Bowles said he doesn’t think the players are making a statement by staying away. Common sense suggests otherwise. With the team unwilling to pay Fitzpatrick an amount similar to what other starters make, it’s likely no accident that these three key members of the offense are choosing not to do something that most NFL players choose to do.
The development makes it even more important that the two sides get together as soon as possible, get in a room, lock the door, and work out a contract. Every days, parties engaged in acrimonious, hostile civil litigation submit to mediation sessions that result in a settlement of their claims. If two sides that hate each other can get in a room and resolve their differences, two sides that like each other surely can do the same.
If they don’t do it soon, these two sides that like each other could quickly end up not liking each other.
UPDATE 5:25 p.m. ET: Manish Mehta of the New York Daily News reports that Mangold’s wife gave birth on Tuesday. This doesn’t explain the absences of Marshall and Decker, obviously.
The 49ers are getting a crash course in Chip Kelly during OTAs, learning in a hurry about the kind of pace he wants to keep.
According to Matt Maiocco of CSNBayArea.com, the 49ers ran 24 offensive plays during an eight-minute team period today.
That’s an average of one snap every 20 seconds (#math).
If that sounds familiar, it should, as his first days with the Eagles were also about establishing his tempo, which is usually charming in the first days of any regime. Of course, when the results stopped showing his Eagles players quickly got tired of it (and tired).
If it works, the 49ers might be able to gain some kind of advantage on offense. But considering their quarterbacks are either Colin Kaepernick or Blaine Gabbert, it could also mean a lot of long days for their defense.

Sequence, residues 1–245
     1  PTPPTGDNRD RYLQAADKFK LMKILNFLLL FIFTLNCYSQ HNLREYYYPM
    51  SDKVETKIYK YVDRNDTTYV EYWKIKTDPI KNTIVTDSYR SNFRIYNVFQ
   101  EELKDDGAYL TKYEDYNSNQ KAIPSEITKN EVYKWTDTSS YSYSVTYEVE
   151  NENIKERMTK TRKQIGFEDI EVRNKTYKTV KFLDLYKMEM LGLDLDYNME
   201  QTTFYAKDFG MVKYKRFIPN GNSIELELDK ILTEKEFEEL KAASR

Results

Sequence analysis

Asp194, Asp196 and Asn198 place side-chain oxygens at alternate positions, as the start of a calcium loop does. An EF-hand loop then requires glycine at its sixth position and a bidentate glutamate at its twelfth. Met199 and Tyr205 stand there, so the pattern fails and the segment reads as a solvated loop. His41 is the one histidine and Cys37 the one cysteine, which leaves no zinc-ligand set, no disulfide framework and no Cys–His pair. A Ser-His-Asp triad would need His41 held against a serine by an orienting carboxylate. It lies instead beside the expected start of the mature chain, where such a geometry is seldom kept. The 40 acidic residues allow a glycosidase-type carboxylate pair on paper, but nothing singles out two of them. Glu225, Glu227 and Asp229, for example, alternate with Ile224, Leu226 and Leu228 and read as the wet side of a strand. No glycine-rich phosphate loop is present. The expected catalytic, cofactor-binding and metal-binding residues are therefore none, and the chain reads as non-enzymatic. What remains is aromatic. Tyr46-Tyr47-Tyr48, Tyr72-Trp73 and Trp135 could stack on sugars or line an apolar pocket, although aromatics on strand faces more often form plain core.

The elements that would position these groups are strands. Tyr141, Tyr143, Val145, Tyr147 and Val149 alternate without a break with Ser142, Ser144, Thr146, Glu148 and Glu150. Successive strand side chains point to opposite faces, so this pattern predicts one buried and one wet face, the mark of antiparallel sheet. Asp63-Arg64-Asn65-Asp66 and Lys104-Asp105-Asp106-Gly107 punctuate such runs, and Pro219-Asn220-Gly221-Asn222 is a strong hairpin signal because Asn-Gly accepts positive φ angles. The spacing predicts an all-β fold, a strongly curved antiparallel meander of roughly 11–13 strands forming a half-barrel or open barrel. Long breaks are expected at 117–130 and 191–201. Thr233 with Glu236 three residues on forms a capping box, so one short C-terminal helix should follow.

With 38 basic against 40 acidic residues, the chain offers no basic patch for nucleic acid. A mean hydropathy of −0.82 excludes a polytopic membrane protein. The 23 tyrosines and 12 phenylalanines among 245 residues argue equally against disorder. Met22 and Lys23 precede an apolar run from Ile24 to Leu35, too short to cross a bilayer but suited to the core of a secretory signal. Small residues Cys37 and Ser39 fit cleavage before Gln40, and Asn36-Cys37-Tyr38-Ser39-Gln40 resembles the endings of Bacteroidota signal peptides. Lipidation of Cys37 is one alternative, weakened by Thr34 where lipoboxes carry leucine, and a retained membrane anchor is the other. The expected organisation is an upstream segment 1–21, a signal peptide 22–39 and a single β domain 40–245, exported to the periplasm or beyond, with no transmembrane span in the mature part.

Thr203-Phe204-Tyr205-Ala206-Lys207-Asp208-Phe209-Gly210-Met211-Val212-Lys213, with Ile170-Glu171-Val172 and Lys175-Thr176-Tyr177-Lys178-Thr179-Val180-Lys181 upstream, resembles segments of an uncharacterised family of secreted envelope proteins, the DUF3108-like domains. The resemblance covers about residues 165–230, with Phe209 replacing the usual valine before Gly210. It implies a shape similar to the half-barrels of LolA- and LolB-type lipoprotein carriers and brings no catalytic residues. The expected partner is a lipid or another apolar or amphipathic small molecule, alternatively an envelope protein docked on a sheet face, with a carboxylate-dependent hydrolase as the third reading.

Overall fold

The first time that tight end Jerome Cunningham was waived this offseason, he didn’t have to move far to join his new team.
He’ll get a few frequent flier miles the second time around, though. The Titans announced on Wednesday that they used their top spot on the league’s waiver list to add Cunningham to their 90-man roster. Tennessee only had 89 players under contract so they didn’t need to make a corresponding roster move.
Cunningham was waived by the Jets on Tuesday when they signed running back Romar Morris. He joined the team earlier this month after being dropped by the Giants, who he played nine games for during the 2015 season.
Fourth-round defensive tackle Andrew Billings has signed his rookie contract with the Bengals.
A first-team AP All-American last season at Baylor, the 311-pound Billings was also named the Big 12’s co-Defensive Player of the Year. He should immediately see some snaps in the Bengals’ talented defensive line rotation.
The signing of Billings leaves only first-round cornerback William Jackson III unsigned among the team’s seven draft choices.
The Bengals also announced the signing of undrafted rookie fullback Andrew Bonnet, who signed with the Panthers after the draft and was released last week. To make room on the roster for Bonnet, kicker Jonathan Brown was waived-injured.
Jets quarterback Geno Smith has heard teammates like Eric Decker and Brandon Marshall talk about their desire to see Ryan Fitzpatrick back with the team for the 2016 season, but says that he doesn’t “really pay much attention to it” because he doesn’t think they’ve said anything negative about him.
In fact, Marshall said recently that the Jets will “be OK” if Fitzpatrick doesn’t return and Smith heads into the regular season as the starter. On Wednesday, Smith made it clear that his focus is on preparing himself for that possibility and not on watching to see if Fitzpatrick and the Jets bridge their gap and agree on a deal for this year.